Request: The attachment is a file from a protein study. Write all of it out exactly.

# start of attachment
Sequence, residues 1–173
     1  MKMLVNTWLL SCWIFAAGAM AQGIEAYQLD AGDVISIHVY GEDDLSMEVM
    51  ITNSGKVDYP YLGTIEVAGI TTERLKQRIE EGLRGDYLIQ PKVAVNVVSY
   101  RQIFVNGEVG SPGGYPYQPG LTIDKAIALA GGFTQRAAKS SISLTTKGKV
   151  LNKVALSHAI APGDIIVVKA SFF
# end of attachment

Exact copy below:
Sequence, residues 1–173
     1  MKMLVNTWLL SCWIFAAGAM AQGIEAYQLD AGDVISIHVY GEDDLSMEVM
    51  ITNSGKVDYP YLGTIEVAGI TTERLKQRIE EGLRGDYLIQ PKVAVNVVSY
   101  RQIFVNGEVG SPGGYPYQPG LTIDKAIALA GGFTQRAAKS SISLTTKGKV
   151  LNKVALSHAI APGDIIVVKA SFF